4. Marmol will have more support with increased infrastructure in the pitching department. More coaching help. More technology. More tools to utilize. Cardinals management was negligent in this area for a long period of time, and is now making the effort to catch up. That’s helpful to Marmol and pitching coach Dusty Blake.

5. Oli Marmol’s new bench coach, Daniel Descalso, will make a difference. He’s smart, observant, tough, and proactive. He’ll certainly play a role in the goal of increased accountability. The manager doesn’t do this alone; in the modern game a strong bench coach is an asset.

6. Marmol has fully embraced the additions of Descalso and consultant/coach Yadier Molina. He wanted both of them. He pushed for them. But both men aspire to be major-league managers. In theory, a successor already is in place if the Cardinals want to make a change at manager. And Marmol’s contract is set to expire after the 2024 season. Isn’t all of this a threat to Marmol? How can he be comfortable? Here’s my answer: Marmol is either the world’s best actor, or he’s truly 100 percent focused on – and committed to – wanting the valuable assistance that Descalso and Molina can provide. Marmol isn’t sweating his contract situation. He wants to win a lot of games. If he wins a lot of games, then everyone benefits including the manager. Again: a terrific attitude by Marmol.

7. More focus on the team. Everyone is happy for Adam Wainwright and his 200th career victory. He is retired now, and still cherished by the Cardinals’ family. But Waino’s turbulent course on a long, hard in 2023 was draining. Not just to him. But to everyone around him. Waino’s difficult quest for 200 turned into – pick a word – a drama, ordeal or crisis. It dominated the environment and the oxygen. The incessant conversation and media obsession with Wainwright’s epic struggles became something larger than the team itself. That’s out of the way now. The focus will be 100 percent on team baseball in 2024.

8. No more scapegoating episodes. The revised starting rotation will be mature, strong-willed, professional. They’ll provide good leadership. They won’t attempt a mutiny against their own starting catcher in a pathetic attempt to cover for their failures. Marmol mishandled the situation early 2023, but his overreaction led to enlightenment. Marmol was better for the experience. And he won’t have to deal with that garbage in 2024. The team harmony will be much higher.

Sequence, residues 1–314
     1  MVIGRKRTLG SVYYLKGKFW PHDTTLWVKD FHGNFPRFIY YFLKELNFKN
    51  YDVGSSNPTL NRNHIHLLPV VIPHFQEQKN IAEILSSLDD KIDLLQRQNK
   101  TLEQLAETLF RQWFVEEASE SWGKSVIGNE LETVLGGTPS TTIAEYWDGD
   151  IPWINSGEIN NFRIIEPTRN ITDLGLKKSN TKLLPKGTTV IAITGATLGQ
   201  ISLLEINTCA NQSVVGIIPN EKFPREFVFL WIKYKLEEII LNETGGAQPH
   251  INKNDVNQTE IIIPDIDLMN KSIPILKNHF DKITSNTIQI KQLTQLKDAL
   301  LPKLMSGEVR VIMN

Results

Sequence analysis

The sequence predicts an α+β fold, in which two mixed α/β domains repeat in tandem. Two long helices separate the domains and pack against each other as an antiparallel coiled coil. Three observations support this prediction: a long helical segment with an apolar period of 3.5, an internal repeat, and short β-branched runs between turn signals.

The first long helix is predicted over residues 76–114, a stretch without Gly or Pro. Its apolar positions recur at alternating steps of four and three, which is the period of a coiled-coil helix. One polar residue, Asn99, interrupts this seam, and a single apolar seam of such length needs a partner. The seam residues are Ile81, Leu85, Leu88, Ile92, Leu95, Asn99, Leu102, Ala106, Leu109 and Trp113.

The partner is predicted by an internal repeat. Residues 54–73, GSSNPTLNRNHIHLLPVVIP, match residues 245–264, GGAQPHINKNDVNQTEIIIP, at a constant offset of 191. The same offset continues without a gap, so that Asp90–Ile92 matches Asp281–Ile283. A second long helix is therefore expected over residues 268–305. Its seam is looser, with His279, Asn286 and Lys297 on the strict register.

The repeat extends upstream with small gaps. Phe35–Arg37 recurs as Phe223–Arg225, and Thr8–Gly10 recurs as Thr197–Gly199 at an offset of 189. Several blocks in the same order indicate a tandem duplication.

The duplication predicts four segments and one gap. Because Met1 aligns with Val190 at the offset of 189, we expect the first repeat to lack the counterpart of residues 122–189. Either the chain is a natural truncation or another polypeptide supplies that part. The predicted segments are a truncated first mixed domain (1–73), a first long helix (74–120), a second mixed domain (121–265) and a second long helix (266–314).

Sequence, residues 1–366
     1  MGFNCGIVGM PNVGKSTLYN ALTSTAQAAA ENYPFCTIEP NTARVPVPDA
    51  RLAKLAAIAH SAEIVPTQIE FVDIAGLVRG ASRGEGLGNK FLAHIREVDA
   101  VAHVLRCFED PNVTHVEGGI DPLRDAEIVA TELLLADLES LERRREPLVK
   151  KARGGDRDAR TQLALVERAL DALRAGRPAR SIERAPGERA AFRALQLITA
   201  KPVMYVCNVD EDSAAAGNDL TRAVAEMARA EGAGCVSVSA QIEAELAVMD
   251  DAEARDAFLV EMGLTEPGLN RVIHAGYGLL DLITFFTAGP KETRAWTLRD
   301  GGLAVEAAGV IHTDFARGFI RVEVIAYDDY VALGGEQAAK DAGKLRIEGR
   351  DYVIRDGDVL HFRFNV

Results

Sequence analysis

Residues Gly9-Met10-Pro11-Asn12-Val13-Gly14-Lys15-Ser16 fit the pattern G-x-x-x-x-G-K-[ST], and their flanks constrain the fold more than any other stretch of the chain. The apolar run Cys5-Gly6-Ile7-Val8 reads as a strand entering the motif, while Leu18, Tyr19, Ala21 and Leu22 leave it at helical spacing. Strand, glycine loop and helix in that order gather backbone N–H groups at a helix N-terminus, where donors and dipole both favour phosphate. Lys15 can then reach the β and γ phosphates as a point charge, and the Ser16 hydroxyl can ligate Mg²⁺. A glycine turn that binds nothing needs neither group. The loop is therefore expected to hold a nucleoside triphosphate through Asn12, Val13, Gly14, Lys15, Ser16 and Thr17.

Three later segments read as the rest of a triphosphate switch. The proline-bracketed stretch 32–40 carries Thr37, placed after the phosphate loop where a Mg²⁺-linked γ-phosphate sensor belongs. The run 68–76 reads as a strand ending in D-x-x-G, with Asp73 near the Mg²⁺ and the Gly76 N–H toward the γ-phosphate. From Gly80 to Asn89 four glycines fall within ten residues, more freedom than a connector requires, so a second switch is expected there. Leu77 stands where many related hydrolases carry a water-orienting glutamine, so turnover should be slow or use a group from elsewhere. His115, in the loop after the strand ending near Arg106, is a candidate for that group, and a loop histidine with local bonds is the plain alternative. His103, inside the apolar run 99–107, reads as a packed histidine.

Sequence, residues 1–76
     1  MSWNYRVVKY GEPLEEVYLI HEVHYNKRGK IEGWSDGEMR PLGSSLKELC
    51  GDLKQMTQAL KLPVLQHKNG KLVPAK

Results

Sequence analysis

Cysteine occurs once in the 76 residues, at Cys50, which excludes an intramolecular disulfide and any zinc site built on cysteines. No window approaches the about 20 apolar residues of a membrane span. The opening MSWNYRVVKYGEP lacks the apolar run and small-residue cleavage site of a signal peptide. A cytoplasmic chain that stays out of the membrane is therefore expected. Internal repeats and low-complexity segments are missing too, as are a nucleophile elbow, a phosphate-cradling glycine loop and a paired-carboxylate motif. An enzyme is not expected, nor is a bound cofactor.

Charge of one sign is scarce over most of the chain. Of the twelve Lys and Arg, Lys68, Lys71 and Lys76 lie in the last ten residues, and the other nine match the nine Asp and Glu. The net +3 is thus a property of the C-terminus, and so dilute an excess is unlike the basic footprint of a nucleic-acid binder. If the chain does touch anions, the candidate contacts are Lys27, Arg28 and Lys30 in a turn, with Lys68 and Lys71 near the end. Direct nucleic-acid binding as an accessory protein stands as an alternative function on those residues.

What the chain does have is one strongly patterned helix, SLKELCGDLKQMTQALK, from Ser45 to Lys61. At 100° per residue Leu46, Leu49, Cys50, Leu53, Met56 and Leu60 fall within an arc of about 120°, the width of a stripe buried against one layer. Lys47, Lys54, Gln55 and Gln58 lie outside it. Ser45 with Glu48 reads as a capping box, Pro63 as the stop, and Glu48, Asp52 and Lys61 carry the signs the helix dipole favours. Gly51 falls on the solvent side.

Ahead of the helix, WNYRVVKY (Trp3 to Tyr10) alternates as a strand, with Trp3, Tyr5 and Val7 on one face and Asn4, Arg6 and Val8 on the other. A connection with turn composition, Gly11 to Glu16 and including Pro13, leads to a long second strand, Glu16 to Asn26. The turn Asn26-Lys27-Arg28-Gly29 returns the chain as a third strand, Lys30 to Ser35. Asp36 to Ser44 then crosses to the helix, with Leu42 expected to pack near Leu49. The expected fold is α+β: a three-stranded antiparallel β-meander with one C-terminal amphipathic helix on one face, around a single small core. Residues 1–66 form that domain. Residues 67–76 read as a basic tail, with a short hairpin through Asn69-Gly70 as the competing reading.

9. The chance for an early response. The Cardinals have a tough early-season schedule that includes 19 of the first 31 games on the road. And 18 of the games will be played against five teams that made it to the 2023 postseason: Dodgers, Phillies, Diamondbacks, Marlins and Brewers. The Padres and Mets won’t be pushovers, either. The pressure is on. But Marmol craves the opportunity to get his team out of the gate and moving in the right direction. If Marmol, the staff, and the players are determined to show that they’ve flushed 2023 and are absolutely driven to redeem themselves – that’s a plus. Make an opening statement. Show us who you are. Any self-respecting manager/team should be fired up to prove themselves, and the Cardinals have a chance to do that right away. Get after it. That’s the vibe you want. The long baseball season isn’t easy under any circumstances – so why be unnerved by a difficult early schedule? Marmol isn’t.

Thanks for reading …

Have a fantastic weekend …


A 2023 inductee into the Missouri Sports Hall of Fame, Bernie hosts an opinionated and analytical sports-talk show on 590 The Fan, KFNS. It airs 3-6 p.m. Monday through Thursday and 4-6 p.m. on Friday. Stream it live or grab the show podcast on or through the 590 The Fan St. Louis app.

Please follow Bernie on Twitter @miklasz and on Threads @miklaszb

For weekly Cards talk, listen to the “Seeing Red” podcast with Will Leitch and Miklasz via or through your preferred podcast platform. Follow @seeingredpod on Twitter for a direct link. We recorded a fresh podcast earlier this week if you want to give it a listen.

All stats used in my baseball columns are sourced from FanGraphs, Baseball Reference, StatHead, Baseball Savant, Baseball Prospectus, Sports Info Solutions and Cot’s Contracts unless otherwise noted.


Bernie Miklasz

Bernie Miklasz

For the last 36 years Bernie Miklasz has entertained, enlightened, and connected with generations of St. Louis sports fans.

While best known for his voice as the lead sports columnist at the Post-Dispatch for 26 years, Bernie has also written for The Athletic, Dallas Morning News and Baltimore News American. A 2023 inductee into the Missouri Sports Hall of Fame, Bernie has hosted radio shows in St. Louis, Dallas, Baltimore and Washington D.C.

Bernie, his wife Kirsten and their cats reside in the Skinker-DeBaliviere neighborhood of St. Louis.